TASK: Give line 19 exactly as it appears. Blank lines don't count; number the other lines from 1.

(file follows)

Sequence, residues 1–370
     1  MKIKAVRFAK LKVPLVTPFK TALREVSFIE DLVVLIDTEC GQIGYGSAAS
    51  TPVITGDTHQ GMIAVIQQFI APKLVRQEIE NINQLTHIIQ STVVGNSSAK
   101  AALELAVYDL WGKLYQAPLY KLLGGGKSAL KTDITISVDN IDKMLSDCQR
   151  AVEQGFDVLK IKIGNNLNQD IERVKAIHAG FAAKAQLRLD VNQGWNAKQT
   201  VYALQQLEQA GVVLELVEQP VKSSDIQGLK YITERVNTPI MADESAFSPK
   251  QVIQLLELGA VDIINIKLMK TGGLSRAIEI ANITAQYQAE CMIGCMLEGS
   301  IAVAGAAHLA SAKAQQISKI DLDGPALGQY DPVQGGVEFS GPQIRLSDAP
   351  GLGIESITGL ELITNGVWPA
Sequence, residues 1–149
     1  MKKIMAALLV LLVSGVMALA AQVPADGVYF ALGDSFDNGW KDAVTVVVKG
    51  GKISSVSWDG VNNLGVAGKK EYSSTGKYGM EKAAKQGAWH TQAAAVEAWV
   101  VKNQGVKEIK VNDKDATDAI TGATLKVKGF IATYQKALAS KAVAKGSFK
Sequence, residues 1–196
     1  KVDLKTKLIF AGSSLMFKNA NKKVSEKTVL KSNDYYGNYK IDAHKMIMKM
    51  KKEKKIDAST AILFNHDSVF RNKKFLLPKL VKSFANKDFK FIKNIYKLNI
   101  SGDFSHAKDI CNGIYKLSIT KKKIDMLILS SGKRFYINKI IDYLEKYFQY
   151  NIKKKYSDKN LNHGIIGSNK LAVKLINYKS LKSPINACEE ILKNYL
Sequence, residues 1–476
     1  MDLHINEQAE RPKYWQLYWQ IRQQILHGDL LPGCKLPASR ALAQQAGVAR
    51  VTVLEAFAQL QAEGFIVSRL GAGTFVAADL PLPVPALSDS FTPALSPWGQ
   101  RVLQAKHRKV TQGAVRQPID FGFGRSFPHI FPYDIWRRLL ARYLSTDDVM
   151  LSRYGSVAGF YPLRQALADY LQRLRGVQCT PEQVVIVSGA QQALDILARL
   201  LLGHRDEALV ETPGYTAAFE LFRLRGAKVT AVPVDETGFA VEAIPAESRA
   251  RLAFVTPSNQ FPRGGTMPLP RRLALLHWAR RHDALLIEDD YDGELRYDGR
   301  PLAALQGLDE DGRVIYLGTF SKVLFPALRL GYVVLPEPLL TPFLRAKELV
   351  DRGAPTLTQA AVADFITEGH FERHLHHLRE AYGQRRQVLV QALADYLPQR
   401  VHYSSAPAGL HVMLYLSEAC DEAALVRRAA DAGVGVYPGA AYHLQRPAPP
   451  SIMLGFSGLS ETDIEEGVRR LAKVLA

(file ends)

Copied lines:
Sequence, residues 1–476